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Case Number 05465

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Columbo: The Complete First Season

Universal // 1972 // 725 Minutes // Not Rated
Reviewed by Judge Maurice Cobbs (Retired) // October 27th, 2004

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All Rise...

Uh, excuse me, Judge Cobbs? Judge Maurice Cobbs? I'm just making some routine inquiries about this DVD collection. It'll only take a few minutes.

Editor's Note

Our reviews of Columbo: The Complete Second Season (published May 25th, 2005), Columbo: The Complete Third Season (published October 10th, 2005), Columbo: Mystery Movie Collection (1989) (published May 9th, 2007), and Columbo: The Complete Series (published November 26th, 2012) are also available.

The Charge

"You're a bag of tricks, Columbo, right down to that prop cigar you use…You're an intelligent man, Columbo, but you hide it. You pretend you're something you're not. Why, because of your appearance you think you can't get by on looks or polish, so you turn a defect into a virtue. You take people by surprise. They underestimate you. And that's where you trip them up."—Dr. Ray Flemming (Gene Barry), Prescription: Murder

Opening Statement

Wow. Hey, is that…Oh, I'm sorry, I know you're a busy person, and I don't mean to waste your time, but I was wondering…You see, I've always loved Columbo, and this is the whole first season on DVD, isn't it? Except—well, you see, it's probably nothing, but you realize that Columbo didn't really have a first season. That is, what I mean to say is, first there were two television movies featuring Peter Falk (The Princess Bride) as the detective, and then it became part of the rotation on The NBC Sunday Mystery Movie, along with shows like McCloud and MacMillan and Wife. But, uh, you probably already knew that, didn't you? I'm sorry. Now, let's see here…

Facts of the Case

Lt. Columbo, the diminutive detective who looks like an unmade bed, remains one of the most popular television characters of all time. This five-disc collection features the first seven made-for-TV movies, with Peter Falk matching wits against luminary guest stars such as Ray Milland, Roddy McDowall, Leslie Nielsen, Robert Culp, and Suzanne Pleshette. The Columbo mysteries aren't whodunnits; you know who the murderer is within the first ten minutes of the show. The suspense here is in how Columbo will catch the murderer—almost always a very clever, very highly respected, and seemingly untouchable member of society.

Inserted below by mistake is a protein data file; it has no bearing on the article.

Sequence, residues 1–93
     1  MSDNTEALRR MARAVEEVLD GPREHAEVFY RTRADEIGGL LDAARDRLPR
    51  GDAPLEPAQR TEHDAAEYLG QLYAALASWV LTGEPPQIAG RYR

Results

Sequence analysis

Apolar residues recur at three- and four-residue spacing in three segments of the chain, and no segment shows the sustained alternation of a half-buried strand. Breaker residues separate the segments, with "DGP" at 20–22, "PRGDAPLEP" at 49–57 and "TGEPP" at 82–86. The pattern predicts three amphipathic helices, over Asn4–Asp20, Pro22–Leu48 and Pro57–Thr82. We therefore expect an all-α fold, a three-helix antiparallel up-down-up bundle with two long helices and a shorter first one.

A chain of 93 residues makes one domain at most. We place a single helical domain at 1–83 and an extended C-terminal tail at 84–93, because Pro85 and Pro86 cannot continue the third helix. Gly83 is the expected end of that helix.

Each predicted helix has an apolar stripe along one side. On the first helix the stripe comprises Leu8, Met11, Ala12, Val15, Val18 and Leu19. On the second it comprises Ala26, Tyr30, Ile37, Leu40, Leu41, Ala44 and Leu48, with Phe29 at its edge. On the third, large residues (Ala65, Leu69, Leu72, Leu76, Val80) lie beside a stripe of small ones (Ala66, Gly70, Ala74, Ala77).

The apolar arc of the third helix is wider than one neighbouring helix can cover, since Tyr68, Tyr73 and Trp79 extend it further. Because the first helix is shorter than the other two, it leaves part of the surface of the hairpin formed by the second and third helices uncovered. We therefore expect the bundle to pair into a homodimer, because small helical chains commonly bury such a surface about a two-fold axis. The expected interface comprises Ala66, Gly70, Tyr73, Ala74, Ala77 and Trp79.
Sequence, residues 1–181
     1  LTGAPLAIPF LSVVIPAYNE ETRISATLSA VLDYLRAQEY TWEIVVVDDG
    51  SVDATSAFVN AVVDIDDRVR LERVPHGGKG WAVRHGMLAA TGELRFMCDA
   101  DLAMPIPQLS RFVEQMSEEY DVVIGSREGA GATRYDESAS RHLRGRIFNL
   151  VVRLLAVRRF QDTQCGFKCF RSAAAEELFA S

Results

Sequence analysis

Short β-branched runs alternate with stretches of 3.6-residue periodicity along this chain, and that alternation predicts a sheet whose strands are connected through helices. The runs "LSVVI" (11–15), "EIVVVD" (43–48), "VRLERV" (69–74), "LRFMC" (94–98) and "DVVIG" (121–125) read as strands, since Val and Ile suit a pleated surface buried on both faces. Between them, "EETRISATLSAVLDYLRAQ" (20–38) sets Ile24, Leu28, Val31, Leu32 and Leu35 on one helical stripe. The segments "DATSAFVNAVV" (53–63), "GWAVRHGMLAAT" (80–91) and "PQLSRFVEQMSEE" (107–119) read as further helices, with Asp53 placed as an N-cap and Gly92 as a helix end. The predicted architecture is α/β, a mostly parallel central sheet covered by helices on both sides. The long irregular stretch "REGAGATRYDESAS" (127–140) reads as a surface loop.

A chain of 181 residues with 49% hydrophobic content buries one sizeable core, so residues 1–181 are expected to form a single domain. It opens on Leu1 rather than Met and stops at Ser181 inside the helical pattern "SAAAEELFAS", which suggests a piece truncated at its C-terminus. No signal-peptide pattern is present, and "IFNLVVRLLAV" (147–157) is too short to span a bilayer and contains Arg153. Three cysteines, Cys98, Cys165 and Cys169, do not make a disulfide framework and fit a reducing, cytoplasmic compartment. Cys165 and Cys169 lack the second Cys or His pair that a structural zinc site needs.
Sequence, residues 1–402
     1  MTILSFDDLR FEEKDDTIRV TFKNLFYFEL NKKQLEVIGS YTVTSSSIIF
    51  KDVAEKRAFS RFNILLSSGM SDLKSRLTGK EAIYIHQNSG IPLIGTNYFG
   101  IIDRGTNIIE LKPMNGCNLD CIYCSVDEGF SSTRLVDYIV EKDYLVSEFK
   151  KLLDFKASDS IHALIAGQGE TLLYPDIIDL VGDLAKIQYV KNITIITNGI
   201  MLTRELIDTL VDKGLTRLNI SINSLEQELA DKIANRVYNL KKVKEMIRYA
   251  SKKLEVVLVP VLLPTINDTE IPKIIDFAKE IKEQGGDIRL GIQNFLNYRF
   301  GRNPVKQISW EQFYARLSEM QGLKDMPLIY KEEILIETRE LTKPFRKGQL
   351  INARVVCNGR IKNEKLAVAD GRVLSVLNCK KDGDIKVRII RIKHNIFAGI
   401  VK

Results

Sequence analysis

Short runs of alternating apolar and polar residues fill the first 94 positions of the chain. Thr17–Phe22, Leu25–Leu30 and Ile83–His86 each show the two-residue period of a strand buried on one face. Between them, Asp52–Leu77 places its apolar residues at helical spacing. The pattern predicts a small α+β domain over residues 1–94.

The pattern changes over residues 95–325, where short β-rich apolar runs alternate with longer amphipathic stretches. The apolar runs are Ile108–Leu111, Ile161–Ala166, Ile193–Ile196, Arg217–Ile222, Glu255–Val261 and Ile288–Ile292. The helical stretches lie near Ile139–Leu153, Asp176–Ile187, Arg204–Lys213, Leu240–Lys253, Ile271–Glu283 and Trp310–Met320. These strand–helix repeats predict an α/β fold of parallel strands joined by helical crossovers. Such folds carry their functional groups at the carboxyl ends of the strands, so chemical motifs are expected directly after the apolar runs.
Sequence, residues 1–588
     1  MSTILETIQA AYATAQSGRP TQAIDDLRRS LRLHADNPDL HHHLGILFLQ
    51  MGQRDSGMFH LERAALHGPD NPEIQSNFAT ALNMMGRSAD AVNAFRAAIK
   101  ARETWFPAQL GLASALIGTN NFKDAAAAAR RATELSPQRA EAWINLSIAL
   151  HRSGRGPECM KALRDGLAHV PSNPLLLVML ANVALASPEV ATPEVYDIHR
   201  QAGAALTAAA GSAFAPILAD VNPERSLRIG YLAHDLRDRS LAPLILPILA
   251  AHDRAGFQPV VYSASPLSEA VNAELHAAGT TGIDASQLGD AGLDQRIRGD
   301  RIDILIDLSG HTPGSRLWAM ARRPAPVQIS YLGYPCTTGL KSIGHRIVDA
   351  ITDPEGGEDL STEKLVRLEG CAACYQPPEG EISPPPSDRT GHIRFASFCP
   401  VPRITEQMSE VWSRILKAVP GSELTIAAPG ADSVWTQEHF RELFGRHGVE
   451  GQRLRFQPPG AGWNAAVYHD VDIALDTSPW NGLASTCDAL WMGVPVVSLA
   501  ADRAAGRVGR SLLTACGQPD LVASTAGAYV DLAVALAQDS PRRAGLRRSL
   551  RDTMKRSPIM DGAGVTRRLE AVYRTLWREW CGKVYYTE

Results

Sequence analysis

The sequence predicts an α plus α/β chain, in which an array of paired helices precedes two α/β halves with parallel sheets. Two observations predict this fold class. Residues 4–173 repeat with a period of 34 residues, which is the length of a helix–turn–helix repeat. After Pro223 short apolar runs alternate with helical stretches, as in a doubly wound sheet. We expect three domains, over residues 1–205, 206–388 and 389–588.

The Evidence

First of all, let me say that this is really a very nice set. It looks beautiful—and I don't just mean the package design. The episodes are all very crisp, very sharp, with no sound problems at all. Considering the age and nature of the source material, Universal has done an excellent job transferring these episodes to DVD. Very nice.

You know, the missus always likes those shows where the cops come in with car chases and guns blazing; you know the type. Baretta, Starsky and Hutch, that sort of thing. Me, I never went for all that. Upsets my stomach. But you see, Columbo was never about that stuff. As a matter of fact, I don't think I ever even saw Columbo carry a gun, let alone shoot anybody. Columbo was an intellectual detective—don't let that rumpled suit, wonky eye, and cheap, stinky cigar fool you. It might just be a gut feeling, a tiny detail that just doesn't fit with the larger picture, some odd statement or action that put Columbo on the trail; he had an eye for detail, a mind like a steel trap, and the rabid persistence of a bulldog once he locked on to a suspect. And many a clever murderer has taken Columbo at face value, seriously underestimating him, until that moment when he springs the trap and gets his man. Because, you see, the thing is, Columbo always acts so befuddled. He kills you with kindness. He infuriates you with his obsequiousness. He nags you with a thousand little questions and observations. And he always asks you where you got your shoes. Columbo may not look like it, but he's a master predator.

But, uh, where was I? Oh yeah, the DVD collection. Of course you know that a lot of famous people guest-starred on Columbo, but did you know that a lot of soon-to-be famous people worked behind the camera? For instance, Steven Bochco (who would go on to bring us shows like Doogie Howser, M.D., L.A. Law, Hill St. Blues…and Cop Rock) wrote the scripts for three of the movies in this set: Murder by the Book, Lady in Waiting, and Blueprint for Murder. In fact, Murder by the Book was directed by a young fellow named Steven Spielberg. Maybe you've heard of him? My wife knows all the stars, all the directors, she likes to keep up with that sort of thing, but I can never keep all the names straight.